By the Massachusetts Act of May 17, 1913, to regulate the use of air craft, provision is made for the license of aviators upon satisfactory examination and after registration. The duty is imposed of showing the registered number in numerals not less than two feet high. Rules of the air are prescribed for meeting head on, meeting obliquely, and overtaking, corresponding with the marine practice. Air machines are forbidden to fly over municipalities except at prescribed altitudes, or to fly over crowds of people. An aviator is held liable for injury resulting from his flying, unless he can demonstrate that he has taken every reasonable precaution to preevnt such injury.
Throwing or dropping missles without special permission is forbidden as is also landing upon public property without permission.
The Act does not apply to military aviators while in service. Licenses of other states are recognized for a period not exceeding ten consecutive days. Violation of the Acts is punishable by fine of not more than Five Hundred Dollars and imprisonment not more than Six months, or both.
There appear to be very few cases in English or American books upon the liability of aviators.
In the celebrated case of Guille v. Swan, 19 John. (N. Y.) 381 (1822) Guille descended into Swan's garden, his body hanging out of the car of the balloon in a very perilous situation, and called for help. The balloon as it descended dragged over potatoes and radishes about thirty feet before Guille was taken out. About two hundred persons broke into Swan's garden through the fences, beating down the vegetables and flowers. Swan brought an action of trespass and the court held the Guille was responsible for the acts of the crowd in treading down and destroying the vegetables and flowers. The court said that Guille ought to have foreseen and be responsible for what happened since it was likely to occur and also that his perilous position and cries were equivalent to a request to the crowd to follow him.
There is a Scotch case whose facts are much like those of Guille v. Swan. It is Scott's Trustees v. Moss, 17 Ct. of Session (4th series) 32 (1889). In this case, the defendant, who was not the aeronaut but the occupant of a recreation ground, had advertised a descent of a parachute. The descent occurred upon a farm adjoining, and a crowd, who had not been in the recreation ground, rushed in and trampled a field of turnips where the parachute descended. It was held the action would lie, if the occurrence was the natural and probable result of the defendant's acts.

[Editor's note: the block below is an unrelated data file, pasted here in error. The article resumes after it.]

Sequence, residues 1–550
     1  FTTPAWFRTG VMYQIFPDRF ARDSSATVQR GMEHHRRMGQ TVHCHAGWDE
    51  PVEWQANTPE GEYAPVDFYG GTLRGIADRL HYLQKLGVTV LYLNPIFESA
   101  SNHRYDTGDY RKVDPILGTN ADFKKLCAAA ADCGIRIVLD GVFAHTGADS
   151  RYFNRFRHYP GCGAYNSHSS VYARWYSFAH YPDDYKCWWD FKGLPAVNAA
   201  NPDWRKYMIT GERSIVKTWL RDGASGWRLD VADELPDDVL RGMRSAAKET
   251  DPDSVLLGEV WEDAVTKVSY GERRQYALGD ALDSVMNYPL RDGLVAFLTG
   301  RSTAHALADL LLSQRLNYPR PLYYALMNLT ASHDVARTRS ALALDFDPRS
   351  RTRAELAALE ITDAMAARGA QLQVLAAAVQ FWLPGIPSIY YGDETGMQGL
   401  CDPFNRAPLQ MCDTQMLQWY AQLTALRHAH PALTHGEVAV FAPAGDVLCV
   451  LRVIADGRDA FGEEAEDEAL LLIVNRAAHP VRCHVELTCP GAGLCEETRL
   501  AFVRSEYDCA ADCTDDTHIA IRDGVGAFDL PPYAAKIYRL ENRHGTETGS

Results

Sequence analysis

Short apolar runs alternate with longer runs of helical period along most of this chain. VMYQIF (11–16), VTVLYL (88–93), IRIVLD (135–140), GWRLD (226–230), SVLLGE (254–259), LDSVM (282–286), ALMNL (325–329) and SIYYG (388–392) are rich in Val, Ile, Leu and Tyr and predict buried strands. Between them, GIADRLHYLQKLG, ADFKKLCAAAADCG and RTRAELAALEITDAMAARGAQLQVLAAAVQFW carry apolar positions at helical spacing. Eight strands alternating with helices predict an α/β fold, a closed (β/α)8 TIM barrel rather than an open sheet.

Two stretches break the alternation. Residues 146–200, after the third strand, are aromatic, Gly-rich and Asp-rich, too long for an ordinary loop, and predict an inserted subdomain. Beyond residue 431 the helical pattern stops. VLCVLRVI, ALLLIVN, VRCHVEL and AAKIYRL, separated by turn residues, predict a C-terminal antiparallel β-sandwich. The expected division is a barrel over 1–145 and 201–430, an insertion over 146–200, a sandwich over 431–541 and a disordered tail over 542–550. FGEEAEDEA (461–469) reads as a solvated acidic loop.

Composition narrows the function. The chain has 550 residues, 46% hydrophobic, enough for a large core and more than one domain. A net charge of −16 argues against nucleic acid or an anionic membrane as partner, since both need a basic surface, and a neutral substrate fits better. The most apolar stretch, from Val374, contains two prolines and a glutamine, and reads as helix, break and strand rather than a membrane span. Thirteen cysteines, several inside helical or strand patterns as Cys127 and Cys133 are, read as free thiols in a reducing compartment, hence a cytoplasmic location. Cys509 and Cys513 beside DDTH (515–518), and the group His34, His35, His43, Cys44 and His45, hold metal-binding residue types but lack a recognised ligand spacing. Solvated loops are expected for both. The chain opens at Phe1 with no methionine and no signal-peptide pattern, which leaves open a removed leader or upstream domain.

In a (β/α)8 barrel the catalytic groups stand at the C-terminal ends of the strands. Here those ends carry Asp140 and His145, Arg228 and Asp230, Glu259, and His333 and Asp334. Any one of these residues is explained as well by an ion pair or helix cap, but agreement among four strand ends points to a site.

In the Green Bag for August, 1911, (Vol. 23, p. 398) will be found a translation of a short but very interesting article by Professor Hans Sperl setting forth the prevailing theory in Germany that the state is unrestrained sovereign over the air above, but accepting in the main the analogy of territorial waters, and supporting the absolute liability of aviators for all damage caused by them, without regard to negligence. I make the following quotation from this article:
“A very remarkable case was brought up in the Belgian Chamber of Deputies in June, 1909, by the Minister of Justice, Lantsheere. Near a small town a balloon began to collapse from loss of gas. The pilot, seeing himself forced to land, chose for himself an open space beyond the town. As he flew just above the roofs of the houses, with his ropes dragging in the streets, the inhabitants, supposing he wished to be drawn down, seized the ropes. The aeronaut cried to them to release him; his cries were not
understood, were assumed to be cries for help, and the townsmen pulled the balloon to the earth. The pilot was forced to open his valve to release the gas. In the second story of a house in the narrow street a man was smoking; his cigarette ignited the escaping gas, and there was an explosion, with dead, wounded and destruction of property. The court compelled the aeronaut to pay all damages, because he was held responsible for the accident."
It is not unlikely that when the art of aviation is perfected, and air craft become a familiar sight, we will cease to treat the owner of an air-ship as if he kept a wild animal. I do not see why aeroplanes should be put in a different class from automobiles whose operators exact a much heavier toll of life and limb from the public.
Since the days of Darius Green, that ill-fated pioneer in American aviation whose exploits are celebrated in the genial verse of Trowbridge it has been well known that the chief difficulty about flying is alighting. Having for some time hovered lightly over this great subject sustained chiefly by your good will and courteous attention, I have now the ancient trouble about terminals. I will deflate at once hoping for better fortune than the Belgian aeronaut who suffered at the hands of his friends, first an explosion and then a law suit.
Mr. Ewing :-Because we have a natural claim upon him and because of his distinguished ability, and because the Association can not afford to lose hold of a man that can advise us when we get in the air, I move that the Honorable Blewett Lee be made an honorary member of the Association.
A Member:-I second the motion.
The President:It is moved and seconded that Mr. Lee be made an honorary member of the Bar Association. I will say to Mr. Lee before the motion is put that he does not have to pay dues if that is passed. You are unanimously elected, Mr. Lee, as a member of the Tennessee Bar Association and in its behalf I can extend to you the right hand temporarily of the Association. I mean by that I will not furnish the right hand temporarily, but you will always have it.